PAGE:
Polyamines play important roles in cell physiology including effects on the structure of cellular macromolecules, gene expression, protein function, nucleic acid and protein synthesis, regulation of ion channels, and providing protection from oxidative damage. Vertebrates contain two polyamines, spermidine and spermine, as well as their precursor, the diamine putrescine. Although spermidine has an essential and unique role as the precursor of hypusine a post-translational modification of the elongation factor eIF5A, which is necessary for this protein to function in protein synthesis, no unique role for spermine has been identified unequivocally. The existence of a discrete spermine synthase enzyme that converts spermidine to spermine suggest that spermine must be needed and this is confirmed by studies with Gy mice and human patients with Snyder-Robinson syndrome in which spermine synthase is absent or greatly reduced. In both cases, this leads to a severe phenotype with multiple effects among which are intellectual disability, other neurological changes, hypotonia, and reduced growth of muscle and bone. This review describes these alterations and focuses on the roles of spermine which may contribute to these phenotypes including reducing damage due to reactive oxygen species, protection from stress, permitting correct current flow through inwardly rectifying K + channels, controlling activity of brain glutamate receptors involved in learning and memory, and affecting growth responses. Additional possibilities include acting as storage reservoir for maintaining appropriate levels of free spermidine and a possible non-catalytic role for spermine synthase protein.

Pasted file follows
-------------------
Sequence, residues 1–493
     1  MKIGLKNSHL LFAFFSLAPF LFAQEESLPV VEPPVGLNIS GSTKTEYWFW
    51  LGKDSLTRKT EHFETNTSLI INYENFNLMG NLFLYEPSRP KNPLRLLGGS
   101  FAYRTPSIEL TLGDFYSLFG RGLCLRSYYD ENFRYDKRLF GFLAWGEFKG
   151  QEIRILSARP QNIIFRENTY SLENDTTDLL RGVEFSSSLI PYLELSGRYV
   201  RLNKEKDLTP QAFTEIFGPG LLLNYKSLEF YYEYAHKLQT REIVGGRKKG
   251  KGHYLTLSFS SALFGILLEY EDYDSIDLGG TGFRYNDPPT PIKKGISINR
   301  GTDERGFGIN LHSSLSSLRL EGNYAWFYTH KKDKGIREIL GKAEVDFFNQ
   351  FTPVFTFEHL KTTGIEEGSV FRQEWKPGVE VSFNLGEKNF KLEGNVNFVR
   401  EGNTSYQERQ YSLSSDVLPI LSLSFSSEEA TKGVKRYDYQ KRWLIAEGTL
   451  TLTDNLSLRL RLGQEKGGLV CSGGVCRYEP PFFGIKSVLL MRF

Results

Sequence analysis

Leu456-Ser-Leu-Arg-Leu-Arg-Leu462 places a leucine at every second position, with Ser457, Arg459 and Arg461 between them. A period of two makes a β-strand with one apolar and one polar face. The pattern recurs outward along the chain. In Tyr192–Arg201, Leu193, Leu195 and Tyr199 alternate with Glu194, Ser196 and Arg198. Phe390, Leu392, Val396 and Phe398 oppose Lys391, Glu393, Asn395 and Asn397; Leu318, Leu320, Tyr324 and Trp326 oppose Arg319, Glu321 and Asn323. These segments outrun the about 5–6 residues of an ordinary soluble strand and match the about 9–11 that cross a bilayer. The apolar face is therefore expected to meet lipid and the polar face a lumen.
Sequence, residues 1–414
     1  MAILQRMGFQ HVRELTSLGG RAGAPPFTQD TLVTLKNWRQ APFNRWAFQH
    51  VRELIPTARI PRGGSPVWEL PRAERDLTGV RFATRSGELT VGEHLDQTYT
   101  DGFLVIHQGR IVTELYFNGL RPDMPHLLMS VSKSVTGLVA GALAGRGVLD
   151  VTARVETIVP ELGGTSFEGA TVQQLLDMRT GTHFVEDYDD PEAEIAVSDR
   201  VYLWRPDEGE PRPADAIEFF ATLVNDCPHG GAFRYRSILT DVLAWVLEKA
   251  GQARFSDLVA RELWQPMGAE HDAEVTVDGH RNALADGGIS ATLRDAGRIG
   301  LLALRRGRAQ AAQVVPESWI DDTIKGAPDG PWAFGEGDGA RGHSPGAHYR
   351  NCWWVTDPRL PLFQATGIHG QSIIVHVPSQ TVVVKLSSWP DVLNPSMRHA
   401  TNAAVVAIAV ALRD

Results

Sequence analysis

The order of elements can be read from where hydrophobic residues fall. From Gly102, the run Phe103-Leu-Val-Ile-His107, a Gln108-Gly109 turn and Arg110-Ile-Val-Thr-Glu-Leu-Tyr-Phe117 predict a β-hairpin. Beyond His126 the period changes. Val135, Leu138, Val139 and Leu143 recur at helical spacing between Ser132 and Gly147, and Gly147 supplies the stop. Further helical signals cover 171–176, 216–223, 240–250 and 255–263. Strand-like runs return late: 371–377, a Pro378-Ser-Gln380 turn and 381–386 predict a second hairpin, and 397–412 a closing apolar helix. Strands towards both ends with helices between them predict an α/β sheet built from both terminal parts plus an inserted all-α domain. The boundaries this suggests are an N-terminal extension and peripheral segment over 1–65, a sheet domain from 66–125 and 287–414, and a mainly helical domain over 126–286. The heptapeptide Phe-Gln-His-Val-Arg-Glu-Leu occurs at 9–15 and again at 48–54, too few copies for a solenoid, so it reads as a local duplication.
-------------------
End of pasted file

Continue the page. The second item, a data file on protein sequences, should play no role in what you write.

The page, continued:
All Science Journal Classification (ASJC) codes
- Molecular Biology
- Clinical Biochemistry
- Cell Biology